Basics of Biology

Basic Chemistry For Biology

What are the major types of bonds?

Three major types of chemical bonds exist: covalent, ionic, and hydrogen. The form of bond that is established is determined by a specific arrangement between the electrons. Ionic bonds are formed when electrons are exchanged between two atoms and the resulting bond is relatively weak. For example, salt is held together by ionic bonds between sodium (Na ) and chloride (Cl-) ions. Covalent bonds occur when electrons are shared between atoms; this form of bond is strongest and is found in both energy-rich molecules and molecules essential to life. For example, hydrogen and oxygen molecules in water are held together by covalent bonds. Hydrogen bonds are temporary, but they are important because they are crucial to the shape of a particular protein and have the ability to be rapidly formed and reformed, as in the case of muscle contraction. The following chart summarizes the three types of chemical bonds and their characteristics:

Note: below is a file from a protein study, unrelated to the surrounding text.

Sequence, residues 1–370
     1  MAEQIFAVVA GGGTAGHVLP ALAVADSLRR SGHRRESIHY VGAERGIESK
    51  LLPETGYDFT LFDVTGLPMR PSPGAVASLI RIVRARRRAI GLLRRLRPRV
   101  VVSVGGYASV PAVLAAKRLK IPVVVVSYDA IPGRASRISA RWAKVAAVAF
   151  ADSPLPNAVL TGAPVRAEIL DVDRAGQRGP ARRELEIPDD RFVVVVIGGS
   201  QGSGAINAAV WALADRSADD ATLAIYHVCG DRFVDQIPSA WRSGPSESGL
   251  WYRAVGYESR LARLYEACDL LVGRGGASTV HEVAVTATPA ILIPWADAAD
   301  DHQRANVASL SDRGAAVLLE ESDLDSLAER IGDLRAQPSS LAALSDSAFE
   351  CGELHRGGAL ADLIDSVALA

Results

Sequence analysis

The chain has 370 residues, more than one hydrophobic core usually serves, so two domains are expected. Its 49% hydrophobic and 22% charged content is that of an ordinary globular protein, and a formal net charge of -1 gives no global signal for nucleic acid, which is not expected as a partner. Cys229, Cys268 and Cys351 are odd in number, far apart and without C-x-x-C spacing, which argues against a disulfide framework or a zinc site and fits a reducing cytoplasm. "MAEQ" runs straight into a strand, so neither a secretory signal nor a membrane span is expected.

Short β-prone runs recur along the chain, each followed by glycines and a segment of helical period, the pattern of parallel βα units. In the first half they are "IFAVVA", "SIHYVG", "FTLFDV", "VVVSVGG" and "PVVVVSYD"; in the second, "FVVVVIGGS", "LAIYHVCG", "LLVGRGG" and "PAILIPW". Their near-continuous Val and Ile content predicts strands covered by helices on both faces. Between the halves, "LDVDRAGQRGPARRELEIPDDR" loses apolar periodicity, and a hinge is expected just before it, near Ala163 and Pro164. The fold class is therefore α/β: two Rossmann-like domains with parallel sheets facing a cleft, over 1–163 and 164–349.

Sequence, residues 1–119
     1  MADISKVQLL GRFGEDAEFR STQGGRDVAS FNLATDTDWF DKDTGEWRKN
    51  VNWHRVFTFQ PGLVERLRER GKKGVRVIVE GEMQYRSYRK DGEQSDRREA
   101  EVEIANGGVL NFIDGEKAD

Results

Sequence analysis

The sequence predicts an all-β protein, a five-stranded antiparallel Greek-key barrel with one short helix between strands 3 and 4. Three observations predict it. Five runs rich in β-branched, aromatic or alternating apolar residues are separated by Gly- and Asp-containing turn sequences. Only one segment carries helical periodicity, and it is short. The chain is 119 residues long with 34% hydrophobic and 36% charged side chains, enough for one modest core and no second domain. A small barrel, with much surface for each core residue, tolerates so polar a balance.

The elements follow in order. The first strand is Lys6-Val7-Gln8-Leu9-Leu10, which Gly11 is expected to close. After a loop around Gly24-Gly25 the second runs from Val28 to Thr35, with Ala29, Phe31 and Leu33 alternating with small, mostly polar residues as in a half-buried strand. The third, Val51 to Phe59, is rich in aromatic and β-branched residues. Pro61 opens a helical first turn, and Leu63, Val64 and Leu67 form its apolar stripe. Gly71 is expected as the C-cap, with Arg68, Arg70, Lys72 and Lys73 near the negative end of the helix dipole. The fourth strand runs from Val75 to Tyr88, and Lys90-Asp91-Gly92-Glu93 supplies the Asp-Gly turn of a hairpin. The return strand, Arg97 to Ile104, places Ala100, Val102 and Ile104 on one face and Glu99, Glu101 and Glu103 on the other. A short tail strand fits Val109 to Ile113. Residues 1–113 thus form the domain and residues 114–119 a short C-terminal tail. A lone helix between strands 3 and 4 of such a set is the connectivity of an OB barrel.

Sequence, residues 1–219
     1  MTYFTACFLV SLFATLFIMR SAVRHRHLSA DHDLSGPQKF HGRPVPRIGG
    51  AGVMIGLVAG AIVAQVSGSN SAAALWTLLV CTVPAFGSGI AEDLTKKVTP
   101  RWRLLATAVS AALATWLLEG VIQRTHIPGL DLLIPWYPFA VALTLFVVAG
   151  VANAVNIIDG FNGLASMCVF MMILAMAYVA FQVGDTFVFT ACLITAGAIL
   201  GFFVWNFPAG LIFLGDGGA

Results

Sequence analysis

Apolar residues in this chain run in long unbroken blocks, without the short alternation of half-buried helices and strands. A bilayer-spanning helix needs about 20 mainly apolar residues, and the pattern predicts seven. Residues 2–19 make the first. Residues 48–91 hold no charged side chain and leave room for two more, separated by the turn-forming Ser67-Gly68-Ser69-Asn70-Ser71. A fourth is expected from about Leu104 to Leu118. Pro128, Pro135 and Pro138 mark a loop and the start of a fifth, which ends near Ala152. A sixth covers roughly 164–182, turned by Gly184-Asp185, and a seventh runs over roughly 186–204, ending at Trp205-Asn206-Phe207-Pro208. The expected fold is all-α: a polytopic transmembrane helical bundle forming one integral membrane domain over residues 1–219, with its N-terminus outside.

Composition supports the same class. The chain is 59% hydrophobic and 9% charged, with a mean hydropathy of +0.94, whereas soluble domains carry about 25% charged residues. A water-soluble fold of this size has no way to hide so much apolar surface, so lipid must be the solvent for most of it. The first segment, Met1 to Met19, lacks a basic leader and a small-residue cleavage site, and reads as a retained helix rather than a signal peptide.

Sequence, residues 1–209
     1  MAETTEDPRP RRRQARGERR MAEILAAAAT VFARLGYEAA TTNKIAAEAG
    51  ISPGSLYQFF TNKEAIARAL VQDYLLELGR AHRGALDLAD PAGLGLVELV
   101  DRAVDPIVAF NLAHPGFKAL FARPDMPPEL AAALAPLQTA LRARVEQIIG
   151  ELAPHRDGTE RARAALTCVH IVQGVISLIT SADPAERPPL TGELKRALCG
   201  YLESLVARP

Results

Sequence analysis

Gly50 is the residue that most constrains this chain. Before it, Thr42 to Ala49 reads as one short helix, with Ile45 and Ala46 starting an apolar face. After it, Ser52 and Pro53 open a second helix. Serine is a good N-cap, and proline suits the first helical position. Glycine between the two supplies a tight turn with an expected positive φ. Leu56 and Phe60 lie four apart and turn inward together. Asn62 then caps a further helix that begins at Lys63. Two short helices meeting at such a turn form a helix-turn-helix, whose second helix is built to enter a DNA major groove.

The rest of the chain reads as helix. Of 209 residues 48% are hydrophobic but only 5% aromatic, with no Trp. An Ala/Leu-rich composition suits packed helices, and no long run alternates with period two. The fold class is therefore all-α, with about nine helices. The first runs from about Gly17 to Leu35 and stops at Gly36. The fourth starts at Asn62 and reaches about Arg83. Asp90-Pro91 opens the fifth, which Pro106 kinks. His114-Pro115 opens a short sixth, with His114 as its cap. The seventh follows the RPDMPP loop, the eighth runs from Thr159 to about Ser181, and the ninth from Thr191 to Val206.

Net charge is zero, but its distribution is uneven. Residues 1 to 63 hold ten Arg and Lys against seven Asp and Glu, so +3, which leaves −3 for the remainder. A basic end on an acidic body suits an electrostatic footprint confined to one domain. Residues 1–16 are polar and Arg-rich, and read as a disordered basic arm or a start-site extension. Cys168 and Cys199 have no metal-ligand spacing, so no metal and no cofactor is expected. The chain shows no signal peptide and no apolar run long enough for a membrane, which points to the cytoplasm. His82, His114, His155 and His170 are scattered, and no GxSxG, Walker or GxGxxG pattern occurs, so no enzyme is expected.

Sharing of electrons results in each atom having a filled outermost shell of electrons

Bonds between hydrogen and oxygen in a molecule of water



Bond between oppositely charged regions of molecules that have covalently bonded hydrogen atoms

Bonds between molecules of water



Bond between two oppositely charged atoms that were formed by the permanent transfer of one or more electrons

Bond between Na and Cl in salt


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